ERIC Number: ED122424
Record Type: Non-Journal
Publication Date: 1976-Apr
Reference Count: N/A
Circumvention and Cooptation in the Planning of New Schools.
Sullivan, Ellen W.; Kironde, E. Wamboi
This paper concentrates on two strategies, circumvention and cooptation, used by planners and implementers to overcome various obstacles in designing and starting-up innovative schools. The authors show how the special features of a new school's relationship with its environmental setting create the need for these strategies; illustrate through examples from the field certain dynamics at work as the new school carries out these strategies; and offer some practical guidelines that will be useful to planners and implementers of new schools. Of the two kinds of cooptation possible--classic, in which the school seeks suPport in order to neutralize resistance, and collusive, in which the school seeks support in order to get people's strategic aid in circumvention--only collusive is discussed. The four main techniques for getting around rules are concealment and lying, manipulating the letter of the law to your own ends, ignoring directives, and working through people. The rules of thumb in the use of cooptation and circumvention strategies fall into five general categories: distinguishing the organization from the environment, environmental mapping and prediction, visibility minimization, political skill, and purposeful strategizing. (Author/IRT)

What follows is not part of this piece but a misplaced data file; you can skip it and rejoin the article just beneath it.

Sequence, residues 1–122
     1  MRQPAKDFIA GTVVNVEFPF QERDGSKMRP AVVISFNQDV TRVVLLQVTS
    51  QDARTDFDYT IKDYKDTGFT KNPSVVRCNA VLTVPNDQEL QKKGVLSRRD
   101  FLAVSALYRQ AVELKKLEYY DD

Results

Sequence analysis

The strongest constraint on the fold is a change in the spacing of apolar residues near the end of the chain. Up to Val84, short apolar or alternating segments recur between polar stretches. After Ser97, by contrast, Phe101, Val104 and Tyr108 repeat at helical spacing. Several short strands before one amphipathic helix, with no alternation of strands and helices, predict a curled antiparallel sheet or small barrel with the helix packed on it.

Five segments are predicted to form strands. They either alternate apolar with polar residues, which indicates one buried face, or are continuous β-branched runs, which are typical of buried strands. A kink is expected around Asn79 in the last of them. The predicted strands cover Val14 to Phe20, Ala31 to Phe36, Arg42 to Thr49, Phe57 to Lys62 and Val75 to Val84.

Publication Type: Speeches/Meeting Papers
Education Level: N/A
Sponsor: National Inst. of Education (DHEW), Washington, DC.; Columbia Univ., New York, NY. Teachers College.
Authoring Institution: N/A